I'm going back to bed for a few hours.
Kate @ 6:00AM Pacific
Top 'o the hour "news" on Los Angeles radio... ROFL! "A Historic Day in Iraq! Spirits are high despite 30 people killed in "insurgent attacks"". It doesn't get better than this, Lovelies. Your entertainment for a Sunday on the Happy Bizarro Planet. During commercial breaks you can read some Rude Pundit goodness
Richard @ 9:30AM EST
Reality or pure bullshit? We blog, you decipher:
An Iraqi election official said Sunday that 72% of the eligible Iraqi voters had turned out so far nationwide.
Adel al-Lami of the Independent Electoral Commission, offered no overall figures of the actual number of Iraqis who have voted to back up the claim.
He pointed out that the percentage of registered voters who had gone to the polls in some Baghdad neighborhoods was as high as 95%.
It's hard to say how that's possible when many polling places didn't even open, almost no one was voting in two of the largest cities, and up to 13 bombings at other polling places were reported. Color me just a wee bit sceptical of Mr. al-Lami's numbers.
Richard @ 10:40AM EST
Interesting how Iraq's election can be hailed as "fair and transparent". Paper ballots and ink on fingers were used in Iraq. For all of the high tech wizardry available to U.S. voters, it seems really difficult to get that same "fair and transparent" feeling about U.S. elections.
Kate @ 8:00 AM Pacific
"Bush called the Iraqi election "a turning point in the history of Iraq, a milestone in the advance of freedom [sic] crucial advance in the war on terror."
At the same time, however, his advisers have downplayed the importance of Sunday's vote by calling it just the first step toward a new Iraqi constitution and fully elected leadership."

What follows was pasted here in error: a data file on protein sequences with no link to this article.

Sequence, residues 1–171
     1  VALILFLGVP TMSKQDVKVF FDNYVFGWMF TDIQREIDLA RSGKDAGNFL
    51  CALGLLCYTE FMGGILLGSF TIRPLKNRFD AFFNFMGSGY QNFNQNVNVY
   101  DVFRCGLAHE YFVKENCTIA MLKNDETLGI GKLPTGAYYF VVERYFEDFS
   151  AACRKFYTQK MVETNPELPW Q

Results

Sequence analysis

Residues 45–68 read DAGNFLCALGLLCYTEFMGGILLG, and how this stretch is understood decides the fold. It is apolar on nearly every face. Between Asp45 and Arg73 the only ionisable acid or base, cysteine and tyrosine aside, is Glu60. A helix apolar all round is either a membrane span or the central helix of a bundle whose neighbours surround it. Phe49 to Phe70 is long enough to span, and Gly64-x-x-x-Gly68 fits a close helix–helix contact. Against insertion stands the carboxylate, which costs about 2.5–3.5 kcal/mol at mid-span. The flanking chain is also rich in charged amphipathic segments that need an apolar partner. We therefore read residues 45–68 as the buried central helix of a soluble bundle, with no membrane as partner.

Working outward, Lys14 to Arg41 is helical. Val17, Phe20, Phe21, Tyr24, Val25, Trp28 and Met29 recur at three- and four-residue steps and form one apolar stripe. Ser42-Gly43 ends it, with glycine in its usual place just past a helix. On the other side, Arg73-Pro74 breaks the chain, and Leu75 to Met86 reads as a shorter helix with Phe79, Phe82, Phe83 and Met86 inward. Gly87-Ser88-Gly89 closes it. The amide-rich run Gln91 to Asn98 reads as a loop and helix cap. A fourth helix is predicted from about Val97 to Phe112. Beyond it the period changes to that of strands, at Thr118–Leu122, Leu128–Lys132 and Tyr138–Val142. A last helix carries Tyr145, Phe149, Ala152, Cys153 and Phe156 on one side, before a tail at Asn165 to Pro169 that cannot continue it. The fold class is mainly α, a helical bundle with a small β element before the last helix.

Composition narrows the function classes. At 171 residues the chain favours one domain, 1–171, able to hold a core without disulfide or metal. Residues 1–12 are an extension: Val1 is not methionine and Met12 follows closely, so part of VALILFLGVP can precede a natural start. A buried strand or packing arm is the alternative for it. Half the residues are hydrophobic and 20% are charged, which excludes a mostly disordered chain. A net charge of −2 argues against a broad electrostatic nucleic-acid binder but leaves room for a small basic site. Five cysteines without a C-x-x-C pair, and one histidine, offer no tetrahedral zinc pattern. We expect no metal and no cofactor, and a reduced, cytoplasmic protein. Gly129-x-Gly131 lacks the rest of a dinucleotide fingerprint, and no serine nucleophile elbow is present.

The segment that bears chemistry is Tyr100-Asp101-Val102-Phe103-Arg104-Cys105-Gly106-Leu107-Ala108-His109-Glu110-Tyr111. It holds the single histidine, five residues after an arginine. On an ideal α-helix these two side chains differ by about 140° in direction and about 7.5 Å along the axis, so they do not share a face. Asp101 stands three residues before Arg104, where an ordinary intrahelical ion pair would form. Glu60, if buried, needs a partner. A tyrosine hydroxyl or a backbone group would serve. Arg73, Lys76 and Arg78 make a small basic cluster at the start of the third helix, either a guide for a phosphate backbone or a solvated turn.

And so it goes.
Update 8:25 Pacific: Robert Fisk: What a Bloody Charade
Richard @ 12:20PM, EST
Let's don't forget that the security lockdown was done with a dual purpose in mind - to keep the streets of Baghdad clear, and to bottle up the flow of information.
The various outlets of Minitrue are falling all over themselves this morning proclaiming success. RoveCo did a masterful job of diminishing expectations over the past month or so. Any result short of Zarqawi's crew lighting off a low yield nuclear device outside of the Green Zone was going to be portrayed as stunningly good.
But let's step back for a moment. Out of 5000+ polling places, pool reporters had access to 5 for filming purposes. One of Allawi's stooges claims "72% of voters voted", with absolutely no facts to back it up, but the SCLM immediately siezes on this as gospel, and obiediently reports the figure. Dozens of people are killed in dozens of polling place incidents, but it's spun as eggs and omlettes.
By the time the complete story slips out, this sham election will be old, old news and any corrections will run on page A-27 of New Pravda.
And a quick question which will surely be asked many times in the coming days: did the ends justify the means? More on that later...
Forrest @ 11:45AM Pacific
72 percent, my ass.
"Turnout figures recently announced represent the enormous and understandable enthusiasm felt in the field on this historic day," a commission statement said.Leave it to American